Lebanese PM's bid to resign sparks turmoil

Mr Hariri left Lebanon for Saudi Arabia last Friday and resigned the next day in a televised statement.
Mr Hariri left Lebanon for Saudi Arabia last Friday and resigned the next day in a televised statement.

BEIRUT•Lebanon's President will not accept the resignation of Prime Minister Saad al-Hariri until he returns to Lebanon, Presidential Palace sources said yesterday, delaying for now the politically difficult consultations on his successor.

Mr Hariri left Lebanon for Saudi Arabia last Friday and resigned the next day in a televised statement that took the Lebanese political establishment by surprise.

He cited an assassination plot against him and criticised the regional role of Iran and its Lebanese ally Hizbollah.

However, Lebanon's army said yesterday that it had not uncovered any such plot.

The move has thrust Lebanon back into the arena of regional rivalry between Sunni Muslim Saudi Arabia, an ally of Mr Hariri, and Shi'ite Muslim Iran, which backs Hizbollah.

President Michel Aoun, a political ally of Hizbollah, will wait to accept or reject Mr Hariri's resignation until he returns to explain his reasons, sources at the Presidential Palace said.

Saudi-owned newspaper Asharq al-Awsat cited unnamed sources close to Mr Hariri as speculating that he would probably remain outside Lebanon because of the security threat against him.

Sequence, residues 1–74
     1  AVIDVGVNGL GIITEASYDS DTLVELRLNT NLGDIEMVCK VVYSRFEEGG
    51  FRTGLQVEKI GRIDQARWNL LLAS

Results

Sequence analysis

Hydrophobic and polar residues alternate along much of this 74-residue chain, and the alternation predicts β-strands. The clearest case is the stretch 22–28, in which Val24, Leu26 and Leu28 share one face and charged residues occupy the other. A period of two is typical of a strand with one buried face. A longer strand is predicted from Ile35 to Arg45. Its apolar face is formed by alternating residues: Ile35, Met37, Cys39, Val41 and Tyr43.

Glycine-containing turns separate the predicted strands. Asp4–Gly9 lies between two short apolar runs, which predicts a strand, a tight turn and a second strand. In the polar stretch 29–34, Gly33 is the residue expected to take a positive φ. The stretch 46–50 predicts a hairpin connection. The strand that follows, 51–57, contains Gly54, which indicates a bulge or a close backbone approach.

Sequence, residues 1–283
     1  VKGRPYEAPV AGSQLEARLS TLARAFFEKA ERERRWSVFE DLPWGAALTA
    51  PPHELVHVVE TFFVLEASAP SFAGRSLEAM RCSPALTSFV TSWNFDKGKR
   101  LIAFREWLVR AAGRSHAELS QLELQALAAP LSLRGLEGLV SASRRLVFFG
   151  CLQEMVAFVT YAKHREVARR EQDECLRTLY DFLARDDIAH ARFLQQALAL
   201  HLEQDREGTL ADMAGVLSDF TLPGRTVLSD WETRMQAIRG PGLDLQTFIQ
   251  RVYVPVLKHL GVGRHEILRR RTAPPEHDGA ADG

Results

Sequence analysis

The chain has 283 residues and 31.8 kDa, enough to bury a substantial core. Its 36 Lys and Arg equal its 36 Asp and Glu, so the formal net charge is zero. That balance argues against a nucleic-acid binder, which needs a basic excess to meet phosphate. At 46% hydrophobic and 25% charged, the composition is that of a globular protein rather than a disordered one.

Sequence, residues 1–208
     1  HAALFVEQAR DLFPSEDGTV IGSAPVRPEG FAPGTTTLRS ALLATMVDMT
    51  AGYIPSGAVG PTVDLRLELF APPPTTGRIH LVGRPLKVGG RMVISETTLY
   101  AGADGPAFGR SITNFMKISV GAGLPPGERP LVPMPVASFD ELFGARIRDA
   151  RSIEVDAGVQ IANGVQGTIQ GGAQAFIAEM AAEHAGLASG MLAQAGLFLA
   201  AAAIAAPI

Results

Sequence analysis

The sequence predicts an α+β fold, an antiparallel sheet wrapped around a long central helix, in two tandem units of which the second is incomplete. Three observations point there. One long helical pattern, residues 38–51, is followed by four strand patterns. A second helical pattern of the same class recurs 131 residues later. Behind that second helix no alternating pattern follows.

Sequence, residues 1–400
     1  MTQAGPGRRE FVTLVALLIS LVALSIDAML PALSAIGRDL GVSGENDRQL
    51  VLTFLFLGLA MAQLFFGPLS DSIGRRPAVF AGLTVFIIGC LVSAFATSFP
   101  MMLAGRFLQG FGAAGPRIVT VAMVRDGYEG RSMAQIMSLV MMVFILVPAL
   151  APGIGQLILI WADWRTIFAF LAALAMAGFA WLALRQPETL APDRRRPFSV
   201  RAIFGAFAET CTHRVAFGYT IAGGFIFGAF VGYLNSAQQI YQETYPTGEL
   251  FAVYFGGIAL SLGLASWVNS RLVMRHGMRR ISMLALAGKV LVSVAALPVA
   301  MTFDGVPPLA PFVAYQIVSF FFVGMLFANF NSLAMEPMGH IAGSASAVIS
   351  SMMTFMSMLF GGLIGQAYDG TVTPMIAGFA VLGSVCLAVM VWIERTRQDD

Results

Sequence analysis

Central Bank governor Riad Salameh sought to calm fears that the political turmoil unleashed by Mr Hariri's bid to resign would hit Lebanon's already fragile economy, issuing a statement to reaffirm the stability of its currency, which is pegged against the US dollar.

In Lebanon's sectarian system the president must be a Maronite Catholic, the prime minister a Sunni and the Speaker of Parliament a Shi'ite.

Mr Hariri is Lebanon's most influential Sunni politician.

His father, Mr Rafik al-Hariri, was prime minister after Lebanon's 1975-1990 civil war and was assassinated in a car bombing in 2005.

A United Nations-backed tribunal indicted five Hizbollah members for the killing but the group denies any involvement.

Saudi media has published reports of a plot to assassinate Mr Hariri in recent days, but all of Lebanon's main security branches have said they have no information about such a plot.

A Saudi minister said last Saturday that Mr Hariri's personal security detail had "confirmed information" about the plot. Mr Thamer al-Sabhan said in an interview with a Lebanese TV station that there are "threats against the Prime Minister and the (Saudi) kingdom is keen for his security".

REUTERS

A version of this article appeared in the print edition of The Straits Times on November 06, 2017, with the headline 'Lebanese PM's bid to resign sparks turmoil'. Print Edition | Subscribe